$20,000 - $30,000
$10,000 - $15,000
Josh Klein has practiced and was trained, both formally and informally, in hacking — social systems, computer networks, institutions, consumer hardware, animal behavior, and, most recently, the publishing industry. When he’s not taking things apart or putting them back together again he speaks, writes, and consults on new and emerging technologies that improve people’s lives — and has tremendous fun doing it.
Most of Josh’s time is spent speaking to companies and at conferences such as World Economic Forum’s annual meeting in Davos, Gadgetoff, TED, SICS, LA-IP, BIF, and Serious Play, and he has appeared on the Sundance Channel, Nova, and other programs. He also spends a significant amount of time consulting to companies large and small, such as Microsoft, Oracle, Frog Design, Nokia, Johns Hopkins, Bankinter, The United States Government, and others.
But really what Josh Kleindoes is this: he examines systems, he takes them apart, and he puts different pieces together to produce something new and more effective. He hacks. Everything.
Cybersecurity: It's People
Cybersecurity has evolved from lone wolves duking it out in sparse online forums to massively parallel cyber industrial complexes manned by nation states. As our attack surfaces shifted from individual servers to cloud infrastructures, from zero-day one-offs to massively sophisticated media ecologies, corporations became the sacrificial lambs.
The reason for this is people. Because the arms race between state actors has driven the speed and scale of cyberattacks to unprecedented new heights, increasingly the easiest way "in" is the soft squishy middle - the human element.
Come learn how evolving AI and analytical engines are producing insights into human manipulation at an incredible new level. Josh Klein walks you through the frightening - and myriad - ways in which corporations, countries, and common thieves are exploiting your very nature to change your behavior and steal your stuff.
Forewarned is forearmed - don't miss the chance to get ahead of potential attackers (and competitors) in using emerging technologies both defensively and ethically.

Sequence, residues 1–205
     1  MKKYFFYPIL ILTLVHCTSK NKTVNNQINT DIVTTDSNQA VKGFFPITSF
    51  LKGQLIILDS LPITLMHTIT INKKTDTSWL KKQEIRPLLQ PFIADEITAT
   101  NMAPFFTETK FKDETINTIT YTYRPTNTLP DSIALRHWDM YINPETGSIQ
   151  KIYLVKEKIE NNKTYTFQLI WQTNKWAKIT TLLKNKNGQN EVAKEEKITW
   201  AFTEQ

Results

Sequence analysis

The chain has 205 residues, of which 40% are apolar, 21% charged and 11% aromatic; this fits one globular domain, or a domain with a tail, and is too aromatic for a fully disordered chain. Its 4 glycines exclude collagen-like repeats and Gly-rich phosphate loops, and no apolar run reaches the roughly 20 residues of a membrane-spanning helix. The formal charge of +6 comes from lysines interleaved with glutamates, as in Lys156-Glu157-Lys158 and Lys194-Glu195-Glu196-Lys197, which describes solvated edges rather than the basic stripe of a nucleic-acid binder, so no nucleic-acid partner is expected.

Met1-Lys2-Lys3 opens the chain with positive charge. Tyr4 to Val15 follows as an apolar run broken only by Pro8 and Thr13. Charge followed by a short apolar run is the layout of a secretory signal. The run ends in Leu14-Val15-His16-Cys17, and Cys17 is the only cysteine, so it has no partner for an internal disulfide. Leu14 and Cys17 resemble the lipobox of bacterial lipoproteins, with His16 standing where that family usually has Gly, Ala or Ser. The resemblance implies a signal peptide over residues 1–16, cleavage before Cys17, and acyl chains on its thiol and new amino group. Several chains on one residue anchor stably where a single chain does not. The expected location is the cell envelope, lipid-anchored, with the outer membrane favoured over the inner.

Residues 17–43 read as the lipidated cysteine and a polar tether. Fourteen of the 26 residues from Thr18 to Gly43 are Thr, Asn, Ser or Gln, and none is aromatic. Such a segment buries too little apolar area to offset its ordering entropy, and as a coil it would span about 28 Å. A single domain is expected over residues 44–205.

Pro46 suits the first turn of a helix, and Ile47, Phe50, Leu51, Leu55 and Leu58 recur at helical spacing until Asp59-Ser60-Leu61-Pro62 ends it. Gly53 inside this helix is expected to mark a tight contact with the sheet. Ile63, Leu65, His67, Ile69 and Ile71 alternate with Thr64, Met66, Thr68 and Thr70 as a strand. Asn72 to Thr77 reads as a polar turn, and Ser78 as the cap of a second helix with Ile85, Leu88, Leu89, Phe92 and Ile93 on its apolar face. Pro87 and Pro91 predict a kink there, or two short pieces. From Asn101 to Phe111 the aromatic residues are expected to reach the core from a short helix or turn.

The Future of Work
The pandemic compressed a decade's worth of technology adoption into one short year, and nowhere has that been felt more keenly than at work - or home, depending on what you call it.
As white-collar workers discover the benefits and costs of working from home the majority of businesses are trying to reconcile what will be needed to keep them employed, satisfied, and growing. Moreover, the question still remains of how best to take advantage of the increased flexibility and reach a distributed workforce might represent.
Join Josh as he surfaces examples of how different technologies have prompted adaptation in the past and how they compare with the changes we're working through today. In creating a model for change, your listeners will be armed with a framework for forecasting not just the threats, but also the opportunities unique to each organization.
The future of work hasn't seen such a big shift since the industrial revolution. But with the right mindset and a little careful planning, companies can be agile and secure in taking advantage of it!
The End of the Great Stagnation
In 2011 economist Tyler Cowen published "The Great Stagnation," arguing that the American economy had reached a historical technological plateau that contributed to stagnation in the median American wage since 1973.
In 2020 he argued that it was over. In the last year alone we have seen world-changing advances in technologies as diverse as AI and medicine and from drones to data analytics. The dynamism and disruption caused by these new capabilities haven't even begun to be felt as, unseen by most behind the screen of the pandemic, fast-moving new companies are taking these technologies and running with them.
Drawing on his personal experiences on the front lines of E-Commerce, Mobile, and Cloud Computing as they emerged, Josh Klein walks your audience through key identifiers of transformative tech. By providing a framework for spotting trends, identifying opportunities, and shaping strategy, listeners will emerge vastly better prepared to make astute choices around emerging technology going forward.
The disruptions we've seen technology produced in the past had harbingers that mostly happened linearly. They happened, ironically, in a period of innovation draught. Now we're facing more cumulative opportunity and risks, with bigger impact and faster onset, and we're looking at them happening all at once.
Hang on to your hats and bring a notepad - this is going to be a wild ride!
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